CHICAGO — When Alex Ovechkin got off to a slow start and Sidney Crosby looked to be back to pre-injury form, for a while it seemed like the MVP debate was over.
That all changed by the end of the season with Ovechkin capturing the Hart Trophy on Saturday.
The Washington Capitals right-winger narrowly edged the Pittsburgh Penguins centre for the third Hart Trophy of his eight-year career.
Ovechkin and Crosby finished with the same amount of points — Ovechkin led the league with 32 goals, while Crosby missed the final 12 games of the season with a broken jaw.
Ultimately, Ovechkin scoring 23 goals in the final 23 games to lift the Capitals into the playoffs was enough to make the difference.
“Sidney Crosby was definitely head over heels a front-runner and is an MVP in this league,” said Washington coach Adam Oates. “But in saying that, he also didn’t have an MVP season. Not in my view. He got hurt and he missed a sizable amount of games, and I think that has to factor in to the voting.”
Ovechkin received 50 first-place votes to Crosby’s 46 and finished with 32 more points in the balloting as done by the Professional Hockey Writers Association. John Tavares of the New York Islanders was third, while Jonathan Toews of the Chicago Blackhawks was fourth.
The lockout-shortened, 48-game season engendered plenty of debate on the interpretation of the award and, now, whether Ovechkin deserved it after scoring just nine goals in the first 25. Oates pointed to his team’s slow start and Ovechkin’s transition to right wing as reasons for those struggles.
“He didn’t have a great start, but he put it to another level that nobody had for 30 games,” Oates said. “That probably factors in to maybe what almost might have cost him the award. If he had started from Day One, it wouldn’t have been an issue.”
Crosby earned the Ted Lindsay Award as the most outstanding player as voted by members of the NHL Players’ Association. Getting recognition from his peers meant a lot to Crosby, even in spite of his losing out on the Hart.
“It’s one of those things that when you’re in the mix and you’re that close, it’s something you’d love to win,” Crosby said. “I feel like I had the best year I possibly could. It didn’t work out that I won it.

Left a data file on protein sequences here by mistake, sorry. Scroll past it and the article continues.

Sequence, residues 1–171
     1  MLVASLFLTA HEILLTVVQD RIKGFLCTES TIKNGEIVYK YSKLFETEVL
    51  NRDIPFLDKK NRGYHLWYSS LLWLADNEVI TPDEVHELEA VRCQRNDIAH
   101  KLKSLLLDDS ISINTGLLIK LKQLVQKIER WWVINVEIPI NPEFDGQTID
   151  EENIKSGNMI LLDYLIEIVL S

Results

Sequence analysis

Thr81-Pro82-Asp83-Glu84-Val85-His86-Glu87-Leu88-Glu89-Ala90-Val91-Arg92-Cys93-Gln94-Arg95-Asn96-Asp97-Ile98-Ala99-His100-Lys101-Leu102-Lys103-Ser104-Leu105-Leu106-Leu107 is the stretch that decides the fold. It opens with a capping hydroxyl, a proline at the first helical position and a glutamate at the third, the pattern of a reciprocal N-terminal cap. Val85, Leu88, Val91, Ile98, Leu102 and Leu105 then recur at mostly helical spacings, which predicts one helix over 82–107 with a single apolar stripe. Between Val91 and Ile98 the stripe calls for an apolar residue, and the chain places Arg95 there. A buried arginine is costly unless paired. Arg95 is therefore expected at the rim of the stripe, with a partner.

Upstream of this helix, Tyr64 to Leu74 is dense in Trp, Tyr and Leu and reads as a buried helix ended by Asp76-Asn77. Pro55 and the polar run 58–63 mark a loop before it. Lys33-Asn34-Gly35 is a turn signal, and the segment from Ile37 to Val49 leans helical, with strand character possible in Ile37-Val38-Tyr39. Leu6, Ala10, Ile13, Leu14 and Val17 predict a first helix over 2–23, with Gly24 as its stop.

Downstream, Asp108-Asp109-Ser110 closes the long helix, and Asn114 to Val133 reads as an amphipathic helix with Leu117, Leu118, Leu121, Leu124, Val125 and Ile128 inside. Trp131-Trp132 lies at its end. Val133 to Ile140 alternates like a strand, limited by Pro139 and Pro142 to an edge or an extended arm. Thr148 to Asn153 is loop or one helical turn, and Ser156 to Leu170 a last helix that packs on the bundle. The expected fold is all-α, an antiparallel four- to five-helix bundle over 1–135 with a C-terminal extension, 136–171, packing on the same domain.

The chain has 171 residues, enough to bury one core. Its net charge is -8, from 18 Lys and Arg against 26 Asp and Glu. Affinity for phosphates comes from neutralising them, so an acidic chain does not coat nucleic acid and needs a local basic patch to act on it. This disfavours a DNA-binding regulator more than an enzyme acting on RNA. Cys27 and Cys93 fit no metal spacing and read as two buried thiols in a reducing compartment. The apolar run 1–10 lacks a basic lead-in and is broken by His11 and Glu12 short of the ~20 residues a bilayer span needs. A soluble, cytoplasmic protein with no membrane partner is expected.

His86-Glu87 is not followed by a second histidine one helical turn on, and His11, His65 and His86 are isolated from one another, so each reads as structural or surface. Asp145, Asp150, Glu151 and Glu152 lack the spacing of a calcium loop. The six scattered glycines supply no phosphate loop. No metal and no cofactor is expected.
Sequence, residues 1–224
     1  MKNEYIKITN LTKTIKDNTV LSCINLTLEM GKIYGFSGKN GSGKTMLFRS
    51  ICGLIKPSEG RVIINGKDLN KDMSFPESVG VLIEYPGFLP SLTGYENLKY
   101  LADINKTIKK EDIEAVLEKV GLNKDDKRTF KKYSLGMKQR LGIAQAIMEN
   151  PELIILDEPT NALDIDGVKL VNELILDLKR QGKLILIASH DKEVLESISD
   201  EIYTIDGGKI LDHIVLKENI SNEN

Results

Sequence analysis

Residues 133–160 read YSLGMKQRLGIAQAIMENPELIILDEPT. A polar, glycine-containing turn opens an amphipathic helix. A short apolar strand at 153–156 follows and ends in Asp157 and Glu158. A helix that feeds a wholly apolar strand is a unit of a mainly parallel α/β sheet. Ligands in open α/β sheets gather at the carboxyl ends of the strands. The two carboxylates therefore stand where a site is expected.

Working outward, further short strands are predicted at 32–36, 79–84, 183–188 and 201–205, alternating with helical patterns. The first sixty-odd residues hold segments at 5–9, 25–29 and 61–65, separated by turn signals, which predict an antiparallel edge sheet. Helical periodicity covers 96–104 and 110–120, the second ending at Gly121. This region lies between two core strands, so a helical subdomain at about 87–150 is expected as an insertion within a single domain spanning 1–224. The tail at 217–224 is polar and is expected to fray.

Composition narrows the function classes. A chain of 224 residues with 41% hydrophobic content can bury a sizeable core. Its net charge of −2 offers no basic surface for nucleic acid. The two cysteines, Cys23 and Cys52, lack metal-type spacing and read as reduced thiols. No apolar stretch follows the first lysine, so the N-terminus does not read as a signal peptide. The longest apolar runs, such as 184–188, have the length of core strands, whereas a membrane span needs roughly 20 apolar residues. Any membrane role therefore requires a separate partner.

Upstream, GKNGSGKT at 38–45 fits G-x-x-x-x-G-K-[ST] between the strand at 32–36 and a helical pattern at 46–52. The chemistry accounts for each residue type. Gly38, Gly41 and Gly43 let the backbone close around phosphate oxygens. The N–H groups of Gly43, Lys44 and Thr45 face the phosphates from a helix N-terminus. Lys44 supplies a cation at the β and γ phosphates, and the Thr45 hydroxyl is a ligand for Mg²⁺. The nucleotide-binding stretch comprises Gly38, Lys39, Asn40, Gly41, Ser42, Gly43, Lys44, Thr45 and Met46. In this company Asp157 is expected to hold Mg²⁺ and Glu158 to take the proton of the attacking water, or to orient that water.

“I’m not going to be too upset over the fact that I didn’t win it. I was in the mix. Alex had a great second half there, and I ended up getting hurt and missing some time there. That’s how it works sometimes.”
Ovechkin played through injuries during the regular season, general manager George McPhee said, yet the Capitals captain did not miss a game.
“With respect to Alex, durability is part of being a great player,” McPhee said in a phone interview. “There are athletes that can’t play through injuries, there are athletes that can play through injuries and there are athletes that can play through injuries and be great, too. It’s pretty special.”
Other award-winners dealt with different kinds of adversity. Sergei Bobrovsky of the Columbus Blue Jackets won the Vezina Trophy as the league’s top goaltender after being traded from the Philadelphia Flyers, who opted to go with Ilya Bryzgalov instead.
“When I was traded to Columbus, I didn’t think of what people said or people think,” Bobrovsky said through an interpreter. “The most important thing for me was to concentrate how I can help this team, what can I do better, how could I prepare myself to make this team even better.”
Bobrovsky went 37-21-11 with a 2.00 goals-against average and .932 save percentage and almost led the Blue Jackets to just their second Stanley Cup playoffs berth in franchise history. He’s the first Vezina winner from a team that didn’t make the playoffs.
Defenceman P.K. Subban helped get the Montreal Canadiens into the playoffs and was rewarded for his 48-point season with the Norris Trophy.
“I think I’ve grown a lot over the past three years and I’m going to continue to grow,” Subban said. “I didn’t think I would have made such a personal accomplishment at this point.”
Jonathan Huberdeau of the Florida Panthers earned his first personal accomplishment in the NHL, getting the Calder Trophy as the best rookie. He tied for the rookie lead in scoring.
“He’s a great young player,” Crosby said. “He’s got a lot of skill. He seemed to adjust pretty quickly. To get thrown in there with as many games as we had to play in a short period of time, maybe that might have helped. But he certainly had a terrific year.”
Crosby said he had a “pretty good year.” But it wasn’t enough to beat out Ovechkin for MVP honours after participating in just 36 games.
“There’s a lot of guys that are capable of winning the MVP and one of the criteria is games played,” Oates said. “That’s just a fact, it’s one of the criteria, and Sidney got hurt and he missed some games. It doesn’t mean he’s not an MVP-type player, as Alex is. But this year was Alex’s turn.”
Ovechkin credited Oates and his staff for the right-wing move working out so well.
“It was kind of hard, but as everybody knows, I like the challenge,” he said. “It was big challenge for me and for coaching staff, but we make it.”
The current race has Ovechkin with three Hart Trophies to Crosby’s one. But the Penguins captain said that’s not how he measures his success, and Ovechkin has yet to win the Stanley Cup as Crosby did with Pittsburgh in 2009.